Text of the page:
Preparing for climate disasters can save $6 for every $1 spent

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A new report from the US National Institute of Building Sciences has concluded that funding to mitigate against climate change can save huge amounts of money.

The Institute released its Natural Hazard Mitigation Saves: 2017 Interim Report this week, an update to a report it compiled in 2005.

The authors studied the results of almost 25 years of funding from the US government to mitigate against extreme weather events. It concluded that for every $1 spent on hazard protections, it saved the nation a further $6. They also found that upgrading new buildings to exceed the current model codes can save $4 for every $1 spent.

Implementing these changes could have immediate benefits for the US, preventing 600 deaths, 1 million injuries and 4,000 cases of post-traumatic stress disorder. Adapting buildings could also create 87,000 new jobs.

As reported by Climate Action earlier this week, 2017 was the costliest year on record for extreme weather events in the US. 16 separate disasters had losses of over $1 billion, totalling $306 billion.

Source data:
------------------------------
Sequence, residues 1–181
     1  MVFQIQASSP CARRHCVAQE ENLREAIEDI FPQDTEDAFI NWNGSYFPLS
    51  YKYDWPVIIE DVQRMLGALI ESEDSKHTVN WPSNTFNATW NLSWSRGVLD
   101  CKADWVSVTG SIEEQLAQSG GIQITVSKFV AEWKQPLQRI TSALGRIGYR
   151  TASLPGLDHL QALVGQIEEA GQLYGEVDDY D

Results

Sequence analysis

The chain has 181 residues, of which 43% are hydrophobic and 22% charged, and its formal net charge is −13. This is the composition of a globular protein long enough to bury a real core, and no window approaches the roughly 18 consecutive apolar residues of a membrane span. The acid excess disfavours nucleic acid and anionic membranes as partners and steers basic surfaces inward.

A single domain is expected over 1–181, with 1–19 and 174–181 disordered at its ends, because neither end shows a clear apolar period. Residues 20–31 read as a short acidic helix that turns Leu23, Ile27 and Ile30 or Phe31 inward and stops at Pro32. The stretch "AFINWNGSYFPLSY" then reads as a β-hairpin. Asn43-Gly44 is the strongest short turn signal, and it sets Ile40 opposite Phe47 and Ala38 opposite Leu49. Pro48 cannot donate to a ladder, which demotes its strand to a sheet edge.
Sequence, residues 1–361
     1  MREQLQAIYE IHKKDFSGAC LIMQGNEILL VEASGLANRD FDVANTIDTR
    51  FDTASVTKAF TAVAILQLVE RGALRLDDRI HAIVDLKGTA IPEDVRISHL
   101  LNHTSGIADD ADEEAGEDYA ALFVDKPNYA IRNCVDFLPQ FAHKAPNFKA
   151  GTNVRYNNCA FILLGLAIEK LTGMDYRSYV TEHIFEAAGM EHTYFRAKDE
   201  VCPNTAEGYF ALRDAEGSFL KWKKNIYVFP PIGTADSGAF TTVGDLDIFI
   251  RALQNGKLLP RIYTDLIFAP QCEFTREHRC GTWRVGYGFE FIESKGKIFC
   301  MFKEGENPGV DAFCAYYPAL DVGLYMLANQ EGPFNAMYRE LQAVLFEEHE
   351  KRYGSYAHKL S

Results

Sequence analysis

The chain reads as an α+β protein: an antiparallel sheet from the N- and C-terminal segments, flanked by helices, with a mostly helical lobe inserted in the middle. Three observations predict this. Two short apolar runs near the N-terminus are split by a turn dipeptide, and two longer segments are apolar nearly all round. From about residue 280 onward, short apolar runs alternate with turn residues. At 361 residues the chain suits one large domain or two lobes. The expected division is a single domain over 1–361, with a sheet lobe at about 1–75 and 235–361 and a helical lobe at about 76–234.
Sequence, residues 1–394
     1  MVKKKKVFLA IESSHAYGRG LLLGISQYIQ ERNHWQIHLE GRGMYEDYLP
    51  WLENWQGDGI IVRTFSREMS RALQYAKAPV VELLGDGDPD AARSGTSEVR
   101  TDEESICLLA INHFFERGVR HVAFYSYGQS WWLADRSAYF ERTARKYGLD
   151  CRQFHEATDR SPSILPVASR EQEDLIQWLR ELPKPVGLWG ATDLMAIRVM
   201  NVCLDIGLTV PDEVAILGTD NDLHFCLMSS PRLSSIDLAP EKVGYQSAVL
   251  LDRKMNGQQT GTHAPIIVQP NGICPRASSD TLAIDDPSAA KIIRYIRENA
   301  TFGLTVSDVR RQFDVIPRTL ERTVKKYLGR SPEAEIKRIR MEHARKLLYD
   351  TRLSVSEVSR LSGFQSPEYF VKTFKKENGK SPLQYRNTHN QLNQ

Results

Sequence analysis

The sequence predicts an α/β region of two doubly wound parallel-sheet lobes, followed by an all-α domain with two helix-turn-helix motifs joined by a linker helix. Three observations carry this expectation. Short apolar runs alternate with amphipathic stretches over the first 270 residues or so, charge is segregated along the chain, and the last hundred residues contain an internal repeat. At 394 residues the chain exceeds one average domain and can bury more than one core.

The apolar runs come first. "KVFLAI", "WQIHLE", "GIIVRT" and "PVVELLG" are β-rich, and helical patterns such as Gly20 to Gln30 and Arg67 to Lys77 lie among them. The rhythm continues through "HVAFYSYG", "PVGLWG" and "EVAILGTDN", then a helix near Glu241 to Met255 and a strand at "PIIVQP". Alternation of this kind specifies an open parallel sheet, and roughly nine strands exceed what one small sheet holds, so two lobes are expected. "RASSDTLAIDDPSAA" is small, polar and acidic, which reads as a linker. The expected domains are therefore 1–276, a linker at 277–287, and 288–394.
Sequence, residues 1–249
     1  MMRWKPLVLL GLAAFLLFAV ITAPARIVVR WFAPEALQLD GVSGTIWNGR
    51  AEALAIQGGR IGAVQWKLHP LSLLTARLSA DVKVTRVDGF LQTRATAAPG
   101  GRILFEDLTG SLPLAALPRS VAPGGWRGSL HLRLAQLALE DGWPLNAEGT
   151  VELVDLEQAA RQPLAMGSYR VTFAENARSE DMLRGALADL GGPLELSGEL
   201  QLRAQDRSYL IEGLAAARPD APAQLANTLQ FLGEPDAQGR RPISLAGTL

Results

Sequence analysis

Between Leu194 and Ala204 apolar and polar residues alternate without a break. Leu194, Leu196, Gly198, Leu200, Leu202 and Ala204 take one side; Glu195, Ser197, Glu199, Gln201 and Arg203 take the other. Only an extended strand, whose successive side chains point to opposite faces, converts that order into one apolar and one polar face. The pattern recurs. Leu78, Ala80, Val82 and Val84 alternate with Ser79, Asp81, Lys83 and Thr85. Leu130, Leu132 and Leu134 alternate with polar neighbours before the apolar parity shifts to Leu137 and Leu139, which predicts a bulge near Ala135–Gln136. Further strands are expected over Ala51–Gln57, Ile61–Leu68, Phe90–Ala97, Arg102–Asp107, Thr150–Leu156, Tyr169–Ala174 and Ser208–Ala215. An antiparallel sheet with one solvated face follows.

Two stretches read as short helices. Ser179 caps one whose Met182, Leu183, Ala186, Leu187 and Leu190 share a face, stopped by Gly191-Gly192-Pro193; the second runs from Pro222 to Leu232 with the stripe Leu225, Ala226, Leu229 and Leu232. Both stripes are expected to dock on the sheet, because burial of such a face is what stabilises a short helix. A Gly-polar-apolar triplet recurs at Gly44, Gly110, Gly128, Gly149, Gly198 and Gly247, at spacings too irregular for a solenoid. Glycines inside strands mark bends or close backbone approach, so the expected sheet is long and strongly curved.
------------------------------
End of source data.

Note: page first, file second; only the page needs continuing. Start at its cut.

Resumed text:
The Institute’s report goes into detail on the various measures that can be taken to reduce the impacts of these extreme weather events. These include replacing buildings especially prone to flooding, adding hurricane shutters, strengthening structures to resist earthquakes, and replacing roofs to combat wildfires.

Bryan Koon chairman of the Institute’s Multihazard Mitigation Council, told the Insurance Journal that the report provides “plain hard facts and figures that appeal to anybody in Congress, in the executive branch.”

He added: “The timing couldn’t be better for people to recognize the importance of mitigation…invest properly and you’re going to get your money back — regardless of what your beliefs in climate change are”.

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